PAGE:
Governor Patton
Louisville Bridges
December 11, 1997


Today the Commonwealth of Kentucky and the state of Indiana have committed to a historic agreement for the Louisville region.

Together we’ve agreed to build a bridge on the east-end of Jefferson county connecting with the Gene Snyder freeway, and to rebuild the Kennedy interchange including a new downtown bridge and reconstruction of the Court Avenue interchange in Jeffersonville.

To insure their success, both bridge projects will move together and forward as one project.

The pros and cons of both bridges have been debated for a long time.

I believe it’s now time to move forward with this project.

Two bridges, one project, accomplished jointly with cooperation, coordination, and consideration for the entire region.

Quality transportation is important to the Louisville region.

Transportation is the catalyst for our economy.

Kentucky’s 762 miles of interstate carry an average of 34-thousand vehicles per day.

In the last decade, vehicle travel on Kentucky’s interstates increased 47-percent.

These numbers make a loud and clear statement.

Our transportation system truly is the engine that powers our economy and our basic way of life.

A sophisticated, fine tuned transportation system gives us a competitive advantage over other regions and even other nations.

Our bridge to the 21-st century will be built on a foundation of economic prosperity due to the availability of, and access to, good quality transportation.

Building these bridges will impact the region in many ways.

Travel times and congestion will be reduced.

Safety will be improved.

Connections with regional and national markets will be enhanced.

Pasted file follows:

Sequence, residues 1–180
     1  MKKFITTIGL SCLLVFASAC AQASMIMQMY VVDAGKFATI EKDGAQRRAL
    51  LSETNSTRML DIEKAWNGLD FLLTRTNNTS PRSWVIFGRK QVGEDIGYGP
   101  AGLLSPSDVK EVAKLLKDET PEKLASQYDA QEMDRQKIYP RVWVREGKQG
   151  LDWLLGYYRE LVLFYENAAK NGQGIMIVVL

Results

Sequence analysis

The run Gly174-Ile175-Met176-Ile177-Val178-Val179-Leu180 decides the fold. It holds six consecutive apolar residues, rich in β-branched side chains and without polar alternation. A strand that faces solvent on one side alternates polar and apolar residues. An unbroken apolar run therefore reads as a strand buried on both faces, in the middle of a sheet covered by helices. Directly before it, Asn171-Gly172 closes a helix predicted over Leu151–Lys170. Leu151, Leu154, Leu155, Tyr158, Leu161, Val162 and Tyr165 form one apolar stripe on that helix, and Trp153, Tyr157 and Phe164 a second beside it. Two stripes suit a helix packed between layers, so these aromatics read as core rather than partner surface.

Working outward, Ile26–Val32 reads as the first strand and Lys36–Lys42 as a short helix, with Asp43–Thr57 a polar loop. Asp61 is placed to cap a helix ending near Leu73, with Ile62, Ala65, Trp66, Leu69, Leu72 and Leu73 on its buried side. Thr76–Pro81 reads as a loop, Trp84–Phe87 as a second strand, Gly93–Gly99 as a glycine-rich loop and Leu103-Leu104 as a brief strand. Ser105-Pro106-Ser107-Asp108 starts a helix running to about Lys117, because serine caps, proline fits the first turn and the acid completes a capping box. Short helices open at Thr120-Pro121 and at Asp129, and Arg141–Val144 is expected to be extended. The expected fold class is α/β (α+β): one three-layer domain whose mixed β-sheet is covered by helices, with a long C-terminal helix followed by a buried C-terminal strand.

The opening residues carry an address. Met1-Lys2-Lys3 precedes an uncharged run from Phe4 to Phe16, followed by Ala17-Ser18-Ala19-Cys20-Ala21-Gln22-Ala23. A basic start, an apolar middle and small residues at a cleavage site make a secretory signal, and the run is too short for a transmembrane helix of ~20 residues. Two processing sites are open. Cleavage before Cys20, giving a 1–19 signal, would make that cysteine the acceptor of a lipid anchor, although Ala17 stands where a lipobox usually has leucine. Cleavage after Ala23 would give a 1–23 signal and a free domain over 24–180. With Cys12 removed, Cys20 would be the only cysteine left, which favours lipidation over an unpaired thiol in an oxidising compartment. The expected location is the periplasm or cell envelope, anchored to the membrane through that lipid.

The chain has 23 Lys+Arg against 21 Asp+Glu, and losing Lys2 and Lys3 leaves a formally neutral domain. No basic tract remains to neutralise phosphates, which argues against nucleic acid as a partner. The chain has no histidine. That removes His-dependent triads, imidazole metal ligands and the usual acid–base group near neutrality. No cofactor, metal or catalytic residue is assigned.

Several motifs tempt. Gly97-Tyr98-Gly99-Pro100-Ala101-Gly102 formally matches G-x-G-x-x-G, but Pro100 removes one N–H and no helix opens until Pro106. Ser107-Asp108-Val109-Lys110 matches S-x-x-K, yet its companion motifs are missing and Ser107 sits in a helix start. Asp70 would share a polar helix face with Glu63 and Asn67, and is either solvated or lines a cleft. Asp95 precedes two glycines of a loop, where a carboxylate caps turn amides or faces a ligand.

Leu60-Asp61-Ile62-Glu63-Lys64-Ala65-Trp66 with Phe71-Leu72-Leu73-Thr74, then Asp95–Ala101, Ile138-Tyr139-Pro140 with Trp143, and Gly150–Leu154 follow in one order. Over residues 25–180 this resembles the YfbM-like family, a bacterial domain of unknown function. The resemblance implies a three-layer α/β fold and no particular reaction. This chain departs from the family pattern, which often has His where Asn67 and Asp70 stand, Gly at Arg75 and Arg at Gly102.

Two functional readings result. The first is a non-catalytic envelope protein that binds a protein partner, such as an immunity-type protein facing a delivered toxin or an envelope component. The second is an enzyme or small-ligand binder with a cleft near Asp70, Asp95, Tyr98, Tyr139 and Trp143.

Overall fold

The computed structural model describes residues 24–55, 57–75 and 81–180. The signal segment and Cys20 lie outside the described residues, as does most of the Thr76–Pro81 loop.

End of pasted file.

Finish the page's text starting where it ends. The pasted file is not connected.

New jobs will be created and existing jobs will be retained.

This project, with two new bridges and a reconstructed Kennedy interchange, is the key to an efficient and viable transportation system to carry us throughout the next millenium.

It is the essential cog in the wheel.

The focus of my first term as governor of the Commonwealth of Kentucky has been economic development.

If economic development is to occur in the region if the Louisville region is to become a first class economic hub of mid-America, then we must have a first class transportation system which includes these cross river connections.

I can not stress the importance of partnership enough here.

If the Kentuckiana region is to prosper, both sides of the river must work to complement each other.

Let’s help build our future with this 500-million dollar project.

Now is the time to shift gears.

We must engage in regional thinking which transcends the state border and the physical and fiscal barrier which the Ohio river presents.

There are some who say that these bridges are too costly and the funding will never be available.

There are some who say that neither Kentucky nor Indiana can be trusted to fulfill their commitment to this project.

There are some who say that the two states and the communities on both sides of the river will never be able to set aside their differences and come together to make this project a reality.

This afternoon Governor O’Bannon and I are taking the first step toward proving those naysayers are just plain wrong.

Together, we’ll find the funding for these bridges including the Kennedy interchange.

Together, our states will fulfill our commitments and obligation toward this project and the citizens we serve.

Thank-you.

At this time . . . it is my privilege to introduce a man I respect, admire, and call a friend, Governor O’Bannon.